NASA and SpaceX crew-6 mission is now scheduled to blast off to the International Space Station on March 2, said the space agencies on Monday, after the mission was scrubbed due to a ground systems issue.
A few minutes before the slated liftoff on Monday, the mission teams decided to stand down following an issue with the ignition system. They looked to investigate an issue preventing data from confirming a full load of the ignition source for the Falcon 9 first stage Merlin engines, triethylaluminum triethylboron (or TEA-TEB).
"I'm proud of the NASA and SpaceX teams' focus and dedication to keeping Crew-6 safe," said NASA Administrator Bill Nelson, in a statement.
"Human spaceflight is an inherently risky endeavour and, as always, we will fly when we are ready."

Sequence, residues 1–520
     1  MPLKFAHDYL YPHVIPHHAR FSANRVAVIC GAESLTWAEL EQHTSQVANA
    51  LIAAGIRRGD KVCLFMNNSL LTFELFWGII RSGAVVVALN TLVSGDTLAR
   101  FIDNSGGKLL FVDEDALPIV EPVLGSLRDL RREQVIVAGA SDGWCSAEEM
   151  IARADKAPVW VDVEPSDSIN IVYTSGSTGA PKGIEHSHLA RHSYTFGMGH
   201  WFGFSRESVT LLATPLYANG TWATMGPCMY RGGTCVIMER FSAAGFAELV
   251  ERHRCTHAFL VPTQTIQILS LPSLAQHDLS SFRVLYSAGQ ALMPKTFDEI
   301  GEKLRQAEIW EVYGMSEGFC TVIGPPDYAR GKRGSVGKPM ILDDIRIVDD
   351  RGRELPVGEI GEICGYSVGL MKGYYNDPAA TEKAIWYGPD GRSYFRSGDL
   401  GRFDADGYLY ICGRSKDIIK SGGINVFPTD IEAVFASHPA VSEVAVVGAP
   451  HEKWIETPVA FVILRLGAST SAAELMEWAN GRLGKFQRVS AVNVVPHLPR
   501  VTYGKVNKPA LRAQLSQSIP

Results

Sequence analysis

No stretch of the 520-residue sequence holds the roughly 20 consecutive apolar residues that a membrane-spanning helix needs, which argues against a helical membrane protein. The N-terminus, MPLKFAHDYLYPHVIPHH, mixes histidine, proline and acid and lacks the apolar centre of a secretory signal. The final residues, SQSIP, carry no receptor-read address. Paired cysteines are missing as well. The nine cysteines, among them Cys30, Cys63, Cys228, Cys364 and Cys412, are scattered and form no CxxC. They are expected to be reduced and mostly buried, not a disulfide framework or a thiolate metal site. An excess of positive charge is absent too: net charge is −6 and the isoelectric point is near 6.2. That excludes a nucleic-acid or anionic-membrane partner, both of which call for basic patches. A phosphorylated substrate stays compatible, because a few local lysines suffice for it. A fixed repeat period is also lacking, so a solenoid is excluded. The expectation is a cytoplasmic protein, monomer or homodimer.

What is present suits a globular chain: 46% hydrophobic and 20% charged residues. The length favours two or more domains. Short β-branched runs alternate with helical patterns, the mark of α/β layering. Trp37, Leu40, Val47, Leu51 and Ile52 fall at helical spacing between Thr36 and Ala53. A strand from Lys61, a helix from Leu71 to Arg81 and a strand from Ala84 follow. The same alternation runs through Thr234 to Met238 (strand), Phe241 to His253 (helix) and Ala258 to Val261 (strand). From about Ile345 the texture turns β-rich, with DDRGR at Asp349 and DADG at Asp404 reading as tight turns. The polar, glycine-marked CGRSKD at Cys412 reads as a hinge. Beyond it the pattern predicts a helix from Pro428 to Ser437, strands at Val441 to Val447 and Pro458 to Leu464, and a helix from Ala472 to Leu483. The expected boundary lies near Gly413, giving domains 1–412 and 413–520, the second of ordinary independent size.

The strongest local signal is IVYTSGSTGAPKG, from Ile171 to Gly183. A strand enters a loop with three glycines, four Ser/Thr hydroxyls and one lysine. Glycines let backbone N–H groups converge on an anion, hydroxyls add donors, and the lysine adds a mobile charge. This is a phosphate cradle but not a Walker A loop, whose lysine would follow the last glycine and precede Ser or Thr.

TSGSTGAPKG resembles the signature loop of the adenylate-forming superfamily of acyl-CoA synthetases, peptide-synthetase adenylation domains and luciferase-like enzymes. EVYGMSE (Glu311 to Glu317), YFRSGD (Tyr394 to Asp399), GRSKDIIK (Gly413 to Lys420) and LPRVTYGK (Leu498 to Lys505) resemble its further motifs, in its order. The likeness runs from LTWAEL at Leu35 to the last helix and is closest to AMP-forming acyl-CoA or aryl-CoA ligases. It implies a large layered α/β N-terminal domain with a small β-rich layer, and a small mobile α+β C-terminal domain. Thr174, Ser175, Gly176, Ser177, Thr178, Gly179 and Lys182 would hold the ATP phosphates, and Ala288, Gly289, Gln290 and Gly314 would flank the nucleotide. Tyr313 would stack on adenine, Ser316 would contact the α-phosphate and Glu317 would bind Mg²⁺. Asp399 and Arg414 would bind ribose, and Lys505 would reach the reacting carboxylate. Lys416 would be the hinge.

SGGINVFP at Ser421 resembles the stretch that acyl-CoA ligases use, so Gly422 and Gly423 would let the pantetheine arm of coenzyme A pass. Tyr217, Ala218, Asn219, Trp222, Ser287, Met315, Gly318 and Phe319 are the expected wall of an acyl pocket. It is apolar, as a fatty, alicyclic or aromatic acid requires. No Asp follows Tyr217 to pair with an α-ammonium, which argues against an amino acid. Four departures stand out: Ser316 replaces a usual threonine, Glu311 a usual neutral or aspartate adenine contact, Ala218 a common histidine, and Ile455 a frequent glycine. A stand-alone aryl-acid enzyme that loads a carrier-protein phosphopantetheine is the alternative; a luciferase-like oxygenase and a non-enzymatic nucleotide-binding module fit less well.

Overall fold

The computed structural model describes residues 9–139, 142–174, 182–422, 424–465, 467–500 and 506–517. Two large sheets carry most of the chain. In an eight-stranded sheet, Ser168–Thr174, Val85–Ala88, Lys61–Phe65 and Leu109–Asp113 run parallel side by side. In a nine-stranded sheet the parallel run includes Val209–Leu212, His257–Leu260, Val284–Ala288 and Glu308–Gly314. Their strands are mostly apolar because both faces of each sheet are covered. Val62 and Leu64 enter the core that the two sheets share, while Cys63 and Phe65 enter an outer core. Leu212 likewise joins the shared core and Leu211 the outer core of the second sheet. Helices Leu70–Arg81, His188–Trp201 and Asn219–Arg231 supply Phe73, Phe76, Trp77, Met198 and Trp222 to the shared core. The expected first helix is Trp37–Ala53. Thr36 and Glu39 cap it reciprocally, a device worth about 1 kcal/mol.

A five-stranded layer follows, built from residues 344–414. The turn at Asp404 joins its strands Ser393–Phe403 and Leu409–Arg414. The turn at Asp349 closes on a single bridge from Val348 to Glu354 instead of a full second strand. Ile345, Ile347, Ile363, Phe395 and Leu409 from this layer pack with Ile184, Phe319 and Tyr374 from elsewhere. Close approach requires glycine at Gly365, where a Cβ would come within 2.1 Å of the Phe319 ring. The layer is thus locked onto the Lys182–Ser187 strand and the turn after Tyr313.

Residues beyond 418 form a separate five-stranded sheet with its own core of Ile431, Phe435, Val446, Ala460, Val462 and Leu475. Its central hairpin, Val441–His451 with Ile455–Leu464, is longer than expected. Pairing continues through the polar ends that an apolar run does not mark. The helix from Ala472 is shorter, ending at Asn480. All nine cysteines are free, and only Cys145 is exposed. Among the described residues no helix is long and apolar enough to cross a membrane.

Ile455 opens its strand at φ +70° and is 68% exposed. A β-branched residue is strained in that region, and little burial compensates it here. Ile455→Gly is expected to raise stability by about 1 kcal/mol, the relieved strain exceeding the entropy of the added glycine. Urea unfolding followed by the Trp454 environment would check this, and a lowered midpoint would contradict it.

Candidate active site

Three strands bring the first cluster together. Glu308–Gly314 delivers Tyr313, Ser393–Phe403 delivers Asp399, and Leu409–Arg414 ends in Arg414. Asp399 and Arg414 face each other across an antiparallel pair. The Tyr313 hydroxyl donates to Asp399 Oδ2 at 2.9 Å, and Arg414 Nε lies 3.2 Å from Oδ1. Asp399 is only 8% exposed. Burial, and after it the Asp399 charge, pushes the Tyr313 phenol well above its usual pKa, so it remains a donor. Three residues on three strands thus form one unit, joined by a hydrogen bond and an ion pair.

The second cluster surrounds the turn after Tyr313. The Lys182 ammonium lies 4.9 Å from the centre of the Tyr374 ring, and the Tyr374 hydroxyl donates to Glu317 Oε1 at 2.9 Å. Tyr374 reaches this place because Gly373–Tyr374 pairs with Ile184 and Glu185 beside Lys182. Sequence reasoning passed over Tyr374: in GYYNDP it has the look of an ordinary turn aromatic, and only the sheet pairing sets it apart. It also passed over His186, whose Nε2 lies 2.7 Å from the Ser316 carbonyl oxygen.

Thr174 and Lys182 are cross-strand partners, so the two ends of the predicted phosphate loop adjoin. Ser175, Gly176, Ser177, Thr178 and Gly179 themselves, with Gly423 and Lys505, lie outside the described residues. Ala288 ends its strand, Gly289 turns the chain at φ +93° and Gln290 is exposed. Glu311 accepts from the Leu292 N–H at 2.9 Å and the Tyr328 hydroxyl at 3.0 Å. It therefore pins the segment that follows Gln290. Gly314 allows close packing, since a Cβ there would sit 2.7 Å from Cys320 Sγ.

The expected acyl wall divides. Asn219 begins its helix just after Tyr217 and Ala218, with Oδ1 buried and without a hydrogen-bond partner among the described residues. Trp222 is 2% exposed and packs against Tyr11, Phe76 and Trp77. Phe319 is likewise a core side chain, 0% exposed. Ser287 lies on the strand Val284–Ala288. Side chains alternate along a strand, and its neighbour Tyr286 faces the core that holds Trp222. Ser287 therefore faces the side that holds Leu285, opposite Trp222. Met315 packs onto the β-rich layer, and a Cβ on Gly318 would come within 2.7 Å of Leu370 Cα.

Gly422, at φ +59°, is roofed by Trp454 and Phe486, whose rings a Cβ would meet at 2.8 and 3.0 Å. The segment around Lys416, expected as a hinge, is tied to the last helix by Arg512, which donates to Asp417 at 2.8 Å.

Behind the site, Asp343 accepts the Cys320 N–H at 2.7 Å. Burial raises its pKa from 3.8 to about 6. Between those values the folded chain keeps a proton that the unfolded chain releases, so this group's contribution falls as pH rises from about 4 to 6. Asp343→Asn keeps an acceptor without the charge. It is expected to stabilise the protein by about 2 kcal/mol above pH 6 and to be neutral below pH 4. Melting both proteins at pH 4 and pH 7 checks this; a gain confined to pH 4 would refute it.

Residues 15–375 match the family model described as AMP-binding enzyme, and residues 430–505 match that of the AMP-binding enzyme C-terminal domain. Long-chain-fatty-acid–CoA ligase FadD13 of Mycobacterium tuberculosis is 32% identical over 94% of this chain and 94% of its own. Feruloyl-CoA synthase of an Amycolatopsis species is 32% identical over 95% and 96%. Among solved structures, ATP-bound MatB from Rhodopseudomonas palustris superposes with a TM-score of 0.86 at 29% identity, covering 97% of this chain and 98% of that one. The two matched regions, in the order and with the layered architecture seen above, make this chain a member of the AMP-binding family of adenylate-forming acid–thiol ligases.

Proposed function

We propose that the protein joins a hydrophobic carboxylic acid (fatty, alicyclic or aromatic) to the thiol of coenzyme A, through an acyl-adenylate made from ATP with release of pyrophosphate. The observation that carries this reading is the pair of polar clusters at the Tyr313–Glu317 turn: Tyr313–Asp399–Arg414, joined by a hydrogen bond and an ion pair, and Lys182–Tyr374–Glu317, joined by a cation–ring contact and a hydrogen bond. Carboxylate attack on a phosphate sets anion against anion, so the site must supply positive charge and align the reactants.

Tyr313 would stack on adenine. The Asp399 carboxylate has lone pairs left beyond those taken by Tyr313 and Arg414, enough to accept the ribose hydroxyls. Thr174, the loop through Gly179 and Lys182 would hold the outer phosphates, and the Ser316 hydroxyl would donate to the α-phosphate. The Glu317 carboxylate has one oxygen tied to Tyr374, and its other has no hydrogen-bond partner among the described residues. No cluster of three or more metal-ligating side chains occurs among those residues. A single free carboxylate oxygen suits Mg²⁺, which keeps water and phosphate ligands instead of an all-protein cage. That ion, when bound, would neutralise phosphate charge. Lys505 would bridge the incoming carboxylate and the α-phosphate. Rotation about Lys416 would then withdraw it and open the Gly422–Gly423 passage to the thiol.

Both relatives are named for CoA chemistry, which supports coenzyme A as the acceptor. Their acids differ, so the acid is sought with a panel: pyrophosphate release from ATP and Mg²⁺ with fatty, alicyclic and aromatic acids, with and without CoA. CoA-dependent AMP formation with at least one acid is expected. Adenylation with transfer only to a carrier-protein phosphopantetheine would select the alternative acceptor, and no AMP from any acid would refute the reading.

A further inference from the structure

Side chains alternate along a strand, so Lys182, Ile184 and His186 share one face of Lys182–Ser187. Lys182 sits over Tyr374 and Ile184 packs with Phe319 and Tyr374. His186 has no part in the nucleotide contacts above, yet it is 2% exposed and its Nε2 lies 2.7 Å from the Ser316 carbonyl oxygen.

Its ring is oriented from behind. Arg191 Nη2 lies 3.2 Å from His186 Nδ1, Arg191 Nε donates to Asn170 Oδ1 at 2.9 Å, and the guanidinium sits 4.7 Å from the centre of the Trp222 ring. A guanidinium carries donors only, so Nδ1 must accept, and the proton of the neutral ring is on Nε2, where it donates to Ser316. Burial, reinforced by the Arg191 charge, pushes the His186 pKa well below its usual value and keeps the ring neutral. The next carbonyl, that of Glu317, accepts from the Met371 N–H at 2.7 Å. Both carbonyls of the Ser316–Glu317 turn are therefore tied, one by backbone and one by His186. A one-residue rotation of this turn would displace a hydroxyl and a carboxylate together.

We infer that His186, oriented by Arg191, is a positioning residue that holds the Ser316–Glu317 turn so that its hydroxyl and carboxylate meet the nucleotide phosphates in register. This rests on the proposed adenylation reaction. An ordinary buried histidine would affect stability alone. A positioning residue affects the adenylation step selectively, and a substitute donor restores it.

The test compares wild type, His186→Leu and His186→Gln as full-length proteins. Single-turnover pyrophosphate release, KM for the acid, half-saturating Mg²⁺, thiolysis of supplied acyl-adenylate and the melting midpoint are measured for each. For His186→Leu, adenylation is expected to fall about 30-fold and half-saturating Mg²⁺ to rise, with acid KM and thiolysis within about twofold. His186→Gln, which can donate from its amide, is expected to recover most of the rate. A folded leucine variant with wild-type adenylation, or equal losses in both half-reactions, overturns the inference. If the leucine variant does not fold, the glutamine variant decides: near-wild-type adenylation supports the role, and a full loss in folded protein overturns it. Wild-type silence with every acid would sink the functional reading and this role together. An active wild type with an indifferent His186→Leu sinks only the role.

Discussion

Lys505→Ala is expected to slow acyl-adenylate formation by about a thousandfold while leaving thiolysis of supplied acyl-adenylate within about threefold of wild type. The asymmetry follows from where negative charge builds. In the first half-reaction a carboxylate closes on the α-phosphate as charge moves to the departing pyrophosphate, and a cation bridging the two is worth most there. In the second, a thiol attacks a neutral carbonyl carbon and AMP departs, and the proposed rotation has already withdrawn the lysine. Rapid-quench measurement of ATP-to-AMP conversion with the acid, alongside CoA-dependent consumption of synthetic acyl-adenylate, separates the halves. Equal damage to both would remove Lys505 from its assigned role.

SpaceX has removed propellant from the Falcon 9 rocket and the astronauts have exited the Dragon spacecraft for astronaut crew quarters. Both the Falcon 9 and Dragon are in a safe configuration, NASA said.
Due to unfavourable weather forecast conditions, NASA and SpaceX had to forgo a launch opportunity on Tuesday.
If the technical issue gets resolved, the mission will lift off at 12:34 a.m. EST on Thursday, March 2, the US space agency said.
The crew-6 mission includes NASA astronauts Stephen Bowen, commander; Warren "Woody" Hoburg, pilot; and mission specialists UAE (United Arab Emirates) astronaut Sultan Alneyadi, and Roscosmos cosmonaut Andrey Fedyaev.
The team aims to perform more than 200 science, technology demonstrations, and maintenance activities aboard the microgravity laboratory.
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